Researchers have also found that when students are given an opportunity to draw, the amount of participation and the quality and creativity of their work declines when they are told they will be rewarded. And this is a big deal because being interested in academic tasks is amazingly powerful in regard to learning outcomes! 

Alfie shares that researchers have found that how interested a student was in reading a specific passage was thirty times more predictive of their ability to recall facts about the passage than how “readable” the passage was. 

Rewards also skew the “why” behind being “good.” 

Instead of helping young humans develop strong character and pro-social behaviors (think being honest, sharing, or helping others), rewards can actually negatively affect these tendencies. Think about it-- if you get a sticker or a “good job” every time you share, what’s your motivation for sharing when no one is around to see and reward you? Offering a reward for these behaviors may  cause temporary compliance, but since this method does not help the young person understand and commit to the principles behind these actions, there’s no real reason for kids to keep up these actions once the rewards are removed. 

Essentially what we are doing when we reward (or punish) learning-focused activities is systematically turning enjoyable things into work. Whoops. Why is this true? Alfie posits that “using the, ‘do this and you’ll get that’ framework automatically devalues the “this.” The recipient of the reward figures, ‘If they have to bribe me to do this, it must be something I wouldn’t want to do.’”  Alfie also quotes educator A.S. Neill when he said that promising a reward for an activity is “tantamount to declaring that the activity is not worth doing for its own sake.”

As proof of this, a fascinating study by Mark Lepper showed that when students were made to use one type of media for an art project before they were allowed to use another (markers, for example, before allowed to use crayons) the item that was required as a prerequisite became less desirable over time. To understand the effect of punishments and rewards on learning, just sub anything educational into this framework: finish your math, then you can go play; share those stickers, and I’ll give you some fruit snacks; if you get straight As, I’ll give you $50.

When we motivate in this way, we are subconsciously ceeding the fact that math, sharing, and getting good grades aren’t inherently interesting, good, or beneficial. An interesting example of incentive-based academics is the “Book It” program. This program was started in 1984 by Pizza Hut. The basic premise is: read, and we’ll give you pizza. Can you see how this sets up reading as an unenjoyable task? Now flip it around-what if instead of every pizza you ate, you got a book?! Do you see how making the academic activity the reward teaches something different about the quality and enjoyableness of the task?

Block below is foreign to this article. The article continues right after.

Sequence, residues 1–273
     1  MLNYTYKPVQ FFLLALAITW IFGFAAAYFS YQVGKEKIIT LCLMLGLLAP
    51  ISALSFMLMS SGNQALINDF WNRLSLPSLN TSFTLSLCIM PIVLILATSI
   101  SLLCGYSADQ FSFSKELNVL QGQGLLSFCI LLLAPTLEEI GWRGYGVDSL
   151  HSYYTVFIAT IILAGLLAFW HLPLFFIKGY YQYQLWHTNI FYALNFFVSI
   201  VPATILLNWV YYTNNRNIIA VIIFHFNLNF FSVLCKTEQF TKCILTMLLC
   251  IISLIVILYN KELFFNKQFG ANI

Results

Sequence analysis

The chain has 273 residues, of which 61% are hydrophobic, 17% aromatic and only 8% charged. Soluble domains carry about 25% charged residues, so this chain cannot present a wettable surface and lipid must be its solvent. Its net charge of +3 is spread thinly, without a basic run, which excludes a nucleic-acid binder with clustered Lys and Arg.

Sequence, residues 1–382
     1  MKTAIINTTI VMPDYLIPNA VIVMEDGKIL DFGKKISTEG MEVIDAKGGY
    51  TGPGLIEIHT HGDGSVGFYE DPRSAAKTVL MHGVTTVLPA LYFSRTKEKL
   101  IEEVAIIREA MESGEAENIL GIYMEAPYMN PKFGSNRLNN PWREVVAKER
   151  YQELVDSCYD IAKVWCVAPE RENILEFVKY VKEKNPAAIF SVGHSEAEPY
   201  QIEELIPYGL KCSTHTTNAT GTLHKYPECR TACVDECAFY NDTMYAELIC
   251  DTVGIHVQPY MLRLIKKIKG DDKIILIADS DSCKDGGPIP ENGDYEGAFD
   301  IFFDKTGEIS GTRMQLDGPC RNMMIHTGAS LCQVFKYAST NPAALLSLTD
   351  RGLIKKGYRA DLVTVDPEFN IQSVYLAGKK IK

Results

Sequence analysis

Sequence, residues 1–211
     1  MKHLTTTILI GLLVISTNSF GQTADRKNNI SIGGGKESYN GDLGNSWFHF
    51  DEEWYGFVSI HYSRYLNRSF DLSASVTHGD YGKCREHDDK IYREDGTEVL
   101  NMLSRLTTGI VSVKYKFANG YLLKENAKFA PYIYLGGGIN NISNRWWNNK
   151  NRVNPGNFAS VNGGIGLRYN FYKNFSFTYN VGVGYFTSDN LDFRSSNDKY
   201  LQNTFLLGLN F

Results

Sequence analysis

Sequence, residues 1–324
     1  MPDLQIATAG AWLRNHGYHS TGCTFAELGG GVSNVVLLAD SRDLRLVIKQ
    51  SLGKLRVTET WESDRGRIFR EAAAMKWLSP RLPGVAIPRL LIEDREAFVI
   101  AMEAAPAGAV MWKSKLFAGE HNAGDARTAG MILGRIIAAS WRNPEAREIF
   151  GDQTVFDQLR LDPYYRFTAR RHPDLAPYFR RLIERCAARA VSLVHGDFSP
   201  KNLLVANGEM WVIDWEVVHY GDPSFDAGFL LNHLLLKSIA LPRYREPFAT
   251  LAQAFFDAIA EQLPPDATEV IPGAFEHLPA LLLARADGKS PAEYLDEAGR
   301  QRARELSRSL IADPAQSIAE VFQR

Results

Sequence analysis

This might seem ridiculous because eating pizza is (obviously) an inherently enjoyable task. But guess what- reading and learning are also inherently enjoyable. The only problem is that most kids have been conditioned out of this reality. Imagine if you went to school every day and were forced to eat pizza. Pretty quickly, the idea of pizza would be repulsive to you, and you would be thinking of creative ways to avoid it, eating as little as was required at all costs. 

We love this video from the Parenting Junkie that illustrates this idea perfectly. Check it out! 

So what’s the answer? How do we get young humans to comply and to learn without relying on rewards or punishments? Here are a few tips that can help you create environments where young humans can rediscover their love for learning and natural interests. 

5 ways to engage your children without relying on rewards and/or punishments

  • Talk to the young humans in your life about rewards and punishments. Be transparent about why you want them to do certain things and help them understand the real reasons for behaving or performing well.  
  • Collaborate with young humans about their motivation towards behaving well and achieving academically. If you think they need to be extrinsically motivated, help them build that system out for themselves instead of imposing it upon them. 
  • Build bridges between extrinsic motivators and actual purpose. If you feel you need to use extrinsic motivators still- try to help students find long-lasting purpose along the way simultaneously. Talk about how the “prize” they are working for might be fun, but it’s not the real reason they are doing it.
  • Give voice and choice whenever possible and developmentally appropriate. Kids need structure and direction but if you don’t have to control something, don’t!
  • Set an example of life-long purposeful learning and kindness. Young humans invariably want to act like big humans. If you are setting an example of joyful learning and service to your community (without reward!), they will be more likely to follow suit. 

How do we do this at Prenda? 

  1. We provide structured choice within a framework of approved curriculum options. This means students still learn what they need to learn but experience more control over their learning.
  2. Much of our learning day is student-led and inquiry-based. This means that every day is a surprise and that students are co-creators instead of passive receivers.
  3. We don’t lean on grades as a means to pressure or coerce. At Prenda, it’s about your personal goals and creating a culture where students Dare Greatly.
  4. We have frequent conversations about the importance of finding your purpose for learning and defining what you want your future self to be like.
  5. We help students set their own goals and help them hold themselves accountable. Young humans (and all humans) are naturally put off by coercion, so we come to a long side of students and work with them in deciding where to go.
  6. We meet students where they are on their path to being empowered and more intrinsically motivated learners. 
  7. Students are involved in creating the structures that govern their microschool.
  8. We frequently ask students about their relationship to learning, motivation, and how much control they feel over learning as key metrics in the success of our learning model.

No matter where or how you interact with young humans, you can make small, meaningful changes to help them find purpose, discover their interests, and solve significant community problems one step at a time. It might be scary to trust them more and reward/punish them less, but you’ll be glad you did in the long run!